Will Rhoads, the winner of the Art Devlin Cup, loves the sensation of flying through the air.
"There is nothing better than having a really good jump and having the feeling you are never going to come down," he said.
Rhoads was in Lake Placid for the U.S. Ski Jumping Cup, held on the 90-meter jump at Intervale on Wednesday, Feb. 12 that included junior and open classes. In addition, he and a number of the competitors were in the running for the Art Devlin Cup that combines the results of three meets, the U.S. Cup, the Flaming Leaves and the July 4th competition. The U.S. Cup was the next-to-last of nine meets held across the country with the final scheduled for Park City, Utah.
Will Rhoads, winner of the Art Devlin Cup (Photo — Naj Wikoff)
While the twin towers on the 90- and 120-meter (aka 100 HS and 134 HS) jumps in Lake Placid remain icons of the village and the most dramatic emblem of the 1980 games, they are sadly way out of date, and the 120 no longer meets FIS regulations.
"Jumps are being designed flatter to make it harder to jump farther," said Blake Hughes, assistant coach for the U.S. Ski Jumping Team. "Because of changes in the equipment and the way the sport has progressed, jumping here is easier than in Sochi."
"In Park City, we recruit through after-school programs," continued Hughes. "In Steamboat (Springs), ski jumping is part of their culture. The challenge is that there are so many more sports coming in like slope style and boarding, there are so many more options. I think we need to work together to create more national exposure here in the States to push the sport because now everyone wants to be the next Shaun White or Ted Ligety. We need them to want to be the next Peter Frenette."
Good news is that the sport is attracting more women. Women have long been active in the sport. Indeed, in my youth, Sandra Vivitsky made national news appearing on popular TV panel show "What's My Line" as the then-only American woman ski jumper.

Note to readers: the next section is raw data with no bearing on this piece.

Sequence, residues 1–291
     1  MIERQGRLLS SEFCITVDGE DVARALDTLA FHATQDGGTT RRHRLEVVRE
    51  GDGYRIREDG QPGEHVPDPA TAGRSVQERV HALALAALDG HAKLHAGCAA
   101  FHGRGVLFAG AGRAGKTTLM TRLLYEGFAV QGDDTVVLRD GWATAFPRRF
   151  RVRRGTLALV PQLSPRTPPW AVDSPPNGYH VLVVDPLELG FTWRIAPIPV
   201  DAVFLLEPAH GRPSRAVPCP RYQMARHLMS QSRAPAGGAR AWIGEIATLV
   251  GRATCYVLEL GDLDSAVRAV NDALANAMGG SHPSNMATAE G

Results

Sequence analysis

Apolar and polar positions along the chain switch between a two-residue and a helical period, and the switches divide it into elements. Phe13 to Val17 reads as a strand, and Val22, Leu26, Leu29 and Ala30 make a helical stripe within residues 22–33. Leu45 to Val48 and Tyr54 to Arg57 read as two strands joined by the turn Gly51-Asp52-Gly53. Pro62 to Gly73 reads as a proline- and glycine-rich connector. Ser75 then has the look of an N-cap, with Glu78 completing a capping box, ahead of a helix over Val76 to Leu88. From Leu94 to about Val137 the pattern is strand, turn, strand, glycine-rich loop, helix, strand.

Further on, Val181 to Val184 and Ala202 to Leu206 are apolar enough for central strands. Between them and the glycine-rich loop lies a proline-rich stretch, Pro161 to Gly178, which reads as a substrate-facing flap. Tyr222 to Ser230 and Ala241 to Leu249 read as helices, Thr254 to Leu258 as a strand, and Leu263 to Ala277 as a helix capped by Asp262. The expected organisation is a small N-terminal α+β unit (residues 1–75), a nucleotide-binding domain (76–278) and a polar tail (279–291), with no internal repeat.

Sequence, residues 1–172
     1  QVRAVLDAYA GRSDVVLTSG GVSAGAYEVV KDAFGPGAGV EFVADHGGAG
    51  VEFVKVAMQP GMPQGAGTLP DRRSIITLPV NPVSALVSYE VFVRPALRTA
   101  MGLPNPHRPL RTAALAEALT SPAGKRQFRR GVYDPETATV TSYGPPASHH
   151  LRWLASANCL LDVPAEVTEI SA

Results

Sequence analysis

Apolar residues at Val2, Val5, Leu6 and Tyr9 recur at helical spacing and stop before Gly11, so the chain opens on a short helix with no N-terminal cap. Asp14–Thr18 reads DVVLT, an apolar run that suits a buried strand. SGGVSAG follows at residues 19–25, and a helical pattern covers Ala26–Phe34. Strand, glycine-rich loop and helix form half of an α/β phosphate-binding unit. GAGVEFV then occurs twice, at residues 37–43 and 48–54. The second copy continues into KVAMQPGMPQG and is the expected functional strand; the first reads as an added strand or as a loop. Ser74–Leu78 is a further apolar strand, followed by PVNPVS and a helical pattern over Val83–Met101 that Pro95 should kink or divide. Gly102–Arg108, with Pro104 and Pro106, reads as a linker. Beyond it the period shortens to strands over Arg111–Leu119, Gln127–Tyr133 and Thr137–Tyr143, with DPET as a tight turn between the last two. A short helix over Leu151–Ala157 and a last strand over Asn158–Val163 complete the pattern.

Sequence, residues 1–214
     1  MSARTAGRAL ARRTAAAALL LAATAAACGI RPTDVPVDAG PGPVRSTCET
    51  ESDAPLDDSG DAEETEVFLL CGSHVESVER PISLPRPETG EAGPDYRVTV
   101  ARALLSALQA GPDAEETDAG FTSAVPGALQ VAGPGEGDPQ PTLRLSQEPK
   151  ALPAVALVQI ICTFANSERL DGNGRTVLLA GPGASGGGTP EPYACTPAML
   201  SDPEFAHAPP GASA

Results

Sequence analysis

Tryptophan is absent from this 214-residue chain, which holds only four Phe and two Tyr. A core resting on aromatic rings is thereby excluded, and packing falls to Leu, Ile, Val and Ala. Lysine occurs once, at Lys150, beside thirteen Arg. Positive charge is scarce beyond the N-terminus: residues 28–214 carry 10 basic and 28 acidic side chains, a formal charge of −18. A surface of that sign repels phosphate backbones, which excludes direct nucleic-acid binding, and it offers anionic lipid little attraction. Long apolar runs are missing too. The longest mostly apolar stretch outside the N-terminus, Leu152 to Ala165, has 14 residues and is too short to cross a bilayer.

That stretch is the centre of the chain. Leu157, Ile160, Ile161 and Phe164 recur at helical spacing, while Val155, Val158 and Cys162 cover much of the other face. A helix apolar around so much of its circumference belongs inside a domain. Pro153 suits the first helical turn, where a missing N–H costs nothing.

"Jumping used to be a dead-end street for women," said Canadian FIS judge Kim Fripp. "The only reason they were doing it is because they just loved going off that jump. It was do it until you get tired of it and then go home, but now that they have included the sport in the Olympics, you will see many more women entering, and having future opportunities as coaches, trainers, judges and all the rest."
"Women have been participating in a big way for the past decade or so," said Hughes. "I am happy the way it is progressing. It is very competitive, and the level is definitely on the rise as there are a lot of young girls coming into the sport and even more behind them. Just having women in the Olympics is going to stimulate so many more girls to enter into the sport."
"Jumping is a really fun sport and a really tight-knit community across the country and the world," said Evan Bliss, New York Ski Educational Foundation head jumping coach. "You get to travel from a young age around the East Coast, which is fun. You get to see the rest of the country when you grow up and get better, and hopefully you will get to see the rest of the world. You will probably make a lot of great friends along the way that will be friends for the rest of your life."